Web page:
At 5 p.m. on July 7th, the hospital in Stamford (40 miles north of Abilene) closed. At that jarring moment, an organization that had met community needs 24/7/365 for more than 50 years ceased to exist. More than 80 good jobs disappeared. But there was virtually no media coverage. We were transfixed at that moment by a soccer team in a cave in Thailand.
Texas leads the nation in hospital closures, with 15 since 2013 — almost double any other state — and they have all been rural. Part of the reason is geography. Texas is huge and still has more than 150 rural hospitals. But factors like declining volume, demographics (rural populations are generally older, poorer, sicker and less educated — not a recipe for success), leadership and policy are also in play.
Texas’ political leadership intentionally balked at Medicaid expansion and outsourced that federal program to health plans that continue to squeeze providers. Our political leaders do not acknowledge the fact that Texas leads the nation in uninsured population and lags other states in health outcomes — both major public health issues. The Texas economic miracle has misfired when it comes to insuring our workforce. Rural hospitals have generally misdirected advocacy efforts to complaints rather than solutions, and traditional funding requests rather than investments in innovation.
A recent report from the Rural and Community Health Institute (RCHI) at Texas A&M, in collaboration with Episcopal Health Foundation, referenced 75 additional rural Texas hospitals at risk of closure, asked “What’s Next?” and challenged rural communities to stretch their thinking and reimagine service delivery.
We understand the consequences of closures in human terms, but a closure in Bowie also captured a direct causal relationship between the loss of a rural hospital and an overall decline in tax base, jobs and rural infrastructure. We shouldn’t expect overall healthcare spending to go down as rural hospitals shutter unless we find ways to fill the void and play offense in terms of diagnosis and treatment. Robust primary care clinics and home health services, telehealth connections to specialty physicians, EMS enhancement and expansion of mid-level provider deployment are all ways in which rural communities might sustain care in an environment where traditional inpatient hospitals are highly vulnerable.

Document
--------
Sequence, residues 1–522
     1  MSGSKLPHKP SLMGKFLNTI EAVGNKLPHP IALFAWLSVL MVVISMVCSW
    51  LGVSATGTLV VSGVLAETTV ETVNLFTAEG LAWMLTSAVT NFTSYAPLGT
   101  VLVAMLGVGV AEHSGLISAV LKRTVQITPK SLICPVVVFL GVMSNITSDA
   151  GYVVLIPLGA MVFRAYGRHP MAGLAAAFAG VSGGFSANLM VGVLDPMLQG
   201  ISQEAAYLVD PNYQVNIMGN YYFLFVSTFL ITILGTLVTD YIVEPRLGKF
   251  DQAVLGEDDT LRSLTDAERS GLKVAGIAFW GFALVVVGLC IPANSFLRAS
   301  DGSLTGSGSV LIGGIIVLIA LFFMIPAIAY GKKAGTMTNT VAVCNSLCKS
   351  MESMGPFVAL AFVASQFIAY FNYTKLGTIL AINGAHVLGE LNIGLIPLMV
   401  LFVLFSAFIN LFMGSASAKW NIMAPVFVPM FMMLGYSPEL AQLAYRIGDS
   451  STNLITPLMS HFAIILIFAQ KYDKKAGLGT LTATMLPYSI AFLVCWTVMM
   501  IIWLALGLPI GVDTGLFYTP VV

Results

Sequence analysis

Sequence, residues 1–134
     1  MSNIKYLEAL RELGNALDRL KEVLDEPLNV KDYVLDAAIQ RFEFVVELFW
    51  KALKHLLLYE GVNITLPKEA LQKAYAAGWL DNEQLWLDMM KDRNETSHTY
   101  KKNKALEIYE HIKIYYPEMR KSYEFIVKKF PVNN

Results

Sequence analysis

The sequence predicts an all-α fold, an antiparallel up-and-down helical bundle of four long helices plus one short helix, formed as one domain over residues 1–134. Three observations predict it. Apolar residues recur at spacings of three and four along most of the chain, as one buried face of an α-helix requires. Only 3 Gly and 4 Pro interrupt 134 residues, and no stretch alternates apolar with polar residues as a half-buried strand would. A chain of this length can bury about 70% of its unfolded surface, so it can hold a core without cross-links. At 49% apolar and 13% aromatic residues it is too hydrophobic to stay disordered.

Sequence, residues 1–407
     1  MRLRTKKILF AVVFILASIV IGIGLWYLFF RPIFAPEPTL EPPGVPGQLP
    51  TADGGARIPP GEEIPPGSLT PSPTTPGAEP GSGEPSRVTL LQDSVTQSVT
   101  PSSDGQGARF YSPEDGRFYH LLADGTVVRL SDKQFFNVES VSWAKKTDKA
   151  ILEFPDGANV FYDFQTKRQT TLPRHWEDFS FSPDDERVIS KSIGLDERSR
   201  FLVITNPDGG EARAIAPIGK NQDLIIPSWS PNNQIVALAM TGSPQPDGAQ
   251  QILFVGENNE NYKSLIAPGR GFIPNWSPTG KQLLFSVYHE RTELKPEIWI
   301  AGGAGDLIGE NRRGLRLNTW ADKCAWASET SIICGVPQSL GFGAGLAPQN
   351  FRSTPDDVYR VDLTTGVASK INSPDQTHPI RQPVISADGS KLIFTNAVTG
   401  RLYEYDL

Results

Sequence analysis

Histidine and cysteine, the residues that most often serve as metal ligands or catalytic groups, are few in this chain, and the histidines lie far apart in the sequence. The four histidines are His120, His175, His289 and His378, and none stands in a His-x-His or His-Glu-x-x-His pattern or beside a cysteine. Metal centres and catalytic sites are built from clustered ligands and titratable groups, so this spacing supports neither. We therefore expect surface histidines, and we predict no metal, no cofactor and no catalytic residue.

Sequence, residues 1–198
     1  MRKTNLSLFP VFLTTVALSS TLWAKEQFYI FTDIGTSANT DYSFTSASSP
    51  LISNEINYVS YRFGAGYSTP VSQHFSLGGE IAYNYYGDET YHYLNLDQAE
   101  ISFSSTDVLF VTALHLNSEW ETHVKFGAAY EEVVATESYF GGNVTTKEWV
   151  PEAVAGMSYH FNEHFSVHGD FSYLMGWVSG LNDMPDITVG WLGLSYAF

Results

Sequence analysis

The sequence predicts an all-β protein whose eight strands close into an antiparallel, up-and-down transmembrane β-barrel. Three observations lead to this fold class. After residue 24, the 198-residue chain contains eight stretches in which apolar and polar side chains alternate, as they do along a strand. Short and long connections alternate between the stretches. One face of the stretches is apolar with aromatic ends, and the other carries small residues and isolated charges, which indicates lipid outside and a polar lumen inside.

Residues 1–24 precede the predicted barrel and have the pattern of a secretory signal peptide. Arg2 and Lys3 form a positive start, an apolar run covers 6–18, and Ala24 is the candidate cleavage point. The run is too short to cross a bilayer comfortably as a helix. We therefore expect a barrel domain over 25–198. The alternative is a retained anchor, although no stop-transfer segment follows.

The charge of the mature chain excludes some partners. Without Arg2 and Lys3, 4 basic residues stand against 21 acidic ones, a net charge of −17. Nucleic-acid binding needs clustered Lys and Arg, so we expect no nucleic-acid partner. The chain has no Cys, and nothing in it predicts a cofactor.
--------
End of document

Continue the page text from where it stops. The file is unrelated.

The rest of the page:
This is understandably a scary exercise for small hospital leaders and doctors who feel threatened; they carry responsibility for their communities and hesitate to trust broadband connections when lives are on the line.
The study also suggests consideration for geography. A closure that’s within 20 miles of the next hospital is different from a closure that’s 60 miles from help. Reaction and debate around this will vary based on a person’s address and/or medical condition. Upper respiratory infections, headaches, flu and pneumonia have less urgency than heart attacks, strokes, laboring moms or rattlesnake bites. Because rural hospitals truly do improve rural quality of life and there is interdependence between urban and rural provision of care, Congress should establish a new “step down” hospital designation. This would allow a less expensive alternative, but still provide lifesaving emergency treatment for small and remote communities.
I write this as a former rural hospital CEO and relatively new rural hospital advocate, knowing the solutions may not always favor our membership. But we should be strong enough to have a thoughtful and honest policy conversation, and transition from a last-man-standing or a kicking-the-can strategy to regional and statewide collaboration that includes policymakers and serves our citizens. One-size-fits-all simply doesn’t work for rural Texas; everyone acknowledges that. We can find Texas solutions that fit.